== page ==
Making ‘Lemonade’

A booth at the annual California Lemon Festival helps the Goleta Sanitary District reach the public and build support for its initiatives.
Making ‘Lemonade’
A booth at the annual California Lemon Festival.

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When presented with a bushel of lemons, the crew at the Goleta Sanitary District knows just what to do. The district, a longtime participant in the annual California Lemon Festival, hosts a fun and interactive booth that invites attendees inside the world of wastewater treatment. In essence, they’re making educational lemonade.

The district has operated a booth at the festival since 2001 and, according to Teresa Kistner, industrial waste control officer and de facto marketing director, it’s all part of an effort to shed a bright light on the importance of wastewater treatment.

“Why should wastewater treatment only be in the news when there’s an issue with water quality, or when citizens are upset by their sewer rates increasing?” says Kistner. “Our thought is that if the public knows what we do and who we are, they’ll be on board with the decisions we make and support our role in protecting public health and the environment.”

Pitch and toss

For the first eight Lemon Festivals, the district displayed models and diagrams of treatment plant machinery and showed sterilized samples of wastewater, from influent to final effluent. Attendees asked many questions, which staff members were happy to answer.

They also led a Down the Drain game with pipes for wastewater, treated water and reclaimed water. Visitors tossed lemons into the pipes to win prizes, such as key chains, bottle openers and magnets, printed with the district’s contact information. The staff also invited people to visit the wastewater treatment plant open house, usually held within a couple weeks of the festival.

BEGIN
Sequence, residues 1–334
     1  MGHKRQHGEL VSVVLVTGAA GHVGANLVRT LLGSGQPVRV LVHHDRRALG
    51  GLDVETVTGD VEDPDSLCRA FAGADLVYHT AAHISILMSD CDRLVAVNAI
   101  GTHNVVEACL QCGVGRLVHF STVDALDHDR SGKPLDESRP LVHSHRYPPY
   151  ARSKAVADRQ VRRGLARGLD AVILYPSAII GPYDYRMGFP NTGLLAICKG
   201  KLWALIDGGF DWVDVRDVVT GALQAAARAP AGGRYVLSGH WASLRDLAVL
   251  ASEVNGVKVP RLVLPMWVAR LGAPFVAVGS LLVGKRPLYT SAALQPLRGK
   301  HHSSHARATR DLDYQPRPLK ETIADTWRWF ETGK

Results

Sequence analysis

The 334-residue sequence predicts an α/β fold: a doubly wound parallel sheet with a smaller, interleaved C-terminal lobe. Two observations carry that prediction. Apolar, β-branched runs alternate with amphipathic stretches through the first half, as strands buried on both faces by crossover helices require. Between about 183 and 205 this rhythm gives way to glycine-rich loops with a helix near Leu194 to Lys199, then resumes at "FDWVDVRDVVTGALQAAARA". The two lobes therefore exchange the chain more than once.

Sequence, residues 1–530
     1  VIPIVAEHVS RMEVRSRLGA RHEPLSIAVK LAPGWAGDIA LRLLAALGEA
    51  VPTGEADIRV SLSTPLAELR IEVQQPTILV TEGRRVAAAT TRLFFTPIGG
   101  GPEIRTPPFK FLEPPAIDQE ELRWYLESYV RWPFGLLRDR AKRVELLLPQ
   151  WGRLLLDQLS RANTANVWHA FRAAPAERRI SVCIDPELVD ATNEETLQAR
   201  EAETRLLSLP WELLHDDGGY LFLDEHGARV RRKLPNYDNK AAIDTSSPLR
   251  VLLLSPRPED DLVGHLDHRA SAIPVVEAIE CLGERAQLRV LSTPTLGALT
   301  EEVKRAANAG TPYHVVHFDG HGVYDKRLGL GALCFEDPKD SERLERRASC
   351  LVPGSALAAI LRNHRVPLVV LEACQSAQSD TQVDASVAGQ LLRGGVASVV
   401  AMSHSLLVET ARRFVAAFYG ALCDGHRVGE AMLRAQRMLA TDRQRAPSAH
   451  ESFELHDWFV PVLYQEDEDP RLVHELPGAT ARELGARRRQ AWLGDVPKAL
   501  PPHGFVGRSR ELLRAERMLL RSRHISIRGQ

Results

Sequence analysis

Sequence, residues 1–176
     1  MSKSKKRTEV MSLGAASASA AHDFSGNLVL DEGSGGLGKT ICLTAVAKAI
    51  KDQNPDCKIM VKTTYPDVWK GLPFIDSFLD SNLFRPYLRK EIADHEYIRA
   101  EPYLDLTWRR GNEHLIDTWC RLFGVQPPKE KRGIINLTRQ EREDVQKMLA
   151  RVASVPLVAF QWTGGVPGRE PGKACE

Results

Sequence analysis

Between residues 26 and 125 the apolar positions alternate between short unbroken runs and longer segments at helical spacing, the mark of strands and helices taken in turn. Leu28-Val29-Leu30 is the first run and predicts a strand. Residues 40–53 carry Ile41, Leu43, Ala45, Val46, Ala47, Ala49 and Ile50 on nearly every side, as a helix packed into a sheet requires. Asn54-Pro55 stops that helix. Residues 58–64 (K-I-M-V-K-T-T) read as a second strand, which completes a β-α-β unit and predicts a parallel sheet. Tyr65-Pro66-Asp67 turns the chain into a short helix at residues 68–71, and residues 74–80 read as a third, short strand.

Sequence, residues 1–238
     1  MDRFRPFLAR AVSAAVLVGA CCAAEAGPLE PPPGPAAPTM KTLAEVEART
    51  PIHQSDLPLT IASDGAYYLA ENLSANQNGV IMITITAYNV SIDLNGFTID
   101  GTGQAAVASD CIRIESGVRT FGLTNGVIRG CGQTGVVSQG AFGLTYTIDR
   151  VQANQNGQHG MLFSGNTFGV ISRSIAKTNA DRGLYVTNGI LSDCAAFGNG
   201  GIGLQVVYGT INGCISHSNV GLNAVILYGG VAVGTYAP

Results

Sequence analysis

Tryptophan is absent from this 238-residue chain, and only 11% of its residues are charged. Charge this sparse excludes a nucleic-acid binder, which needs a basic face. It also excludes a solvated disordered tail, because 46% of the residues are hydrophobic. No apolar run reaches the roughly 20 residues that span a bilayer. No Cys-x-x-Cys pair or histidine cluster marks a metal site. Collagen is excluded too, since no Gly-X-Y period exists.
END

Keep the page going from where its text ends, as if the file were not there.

While the game was fun, Kistner questioned whether a message was getting through. “People had a blast playing the game, but they really weren’t learning anything about wastewater treatment,” she says. “So we went back to the drawing board and came up with the spinning wheel game.”

Recycled content

The spinning wheel, which made its debut in 2009, is made from recycled treatment plant parts. The wheel is a stainless side of a screening/mixing drum from an old belt press. The pole is an old metal fence post, secured into a pulley from an old grit pump. For stability, this heavy wheel is anchored to a base made from a large round drip pan. Surplus bearings and gasket material provide smooth spinning and a means for the wheel to slow and stop on a number.

“It’s really a work of love and ingenuity from our great crew and Jeff Salt, our operations supervisor,” says Kistner.

The face of the wheel is divided into 16 pie pieces, each with questions that quiz attendees on such topics as sustainable practices, wastewater treatment, environmental protection and future wastewater innovations. Visitors spin the wheel, answer the matching question (all answers appear on the displays in the booth), and write their name on a card. A raffle is held every 15 minutes, and the winners receive a KleanKanteen reusable stainless steel water bottle printed with the district’s logo, phone number and Web address.

The game exceeded expectations the first year: In two days, 619 people played, and 62 received water bottles. The booth has remained busy each year and, more important, citizens take home knowledge about the district and why its role in the community is important. “I think the spinning wheel game is much more effective engaging people at the Lemon Festival,” says Kistner. “Many of the people ask follow-up questions or want us to clarify something on one of our displays. That shows us they take interest in what we we’re putting out there.”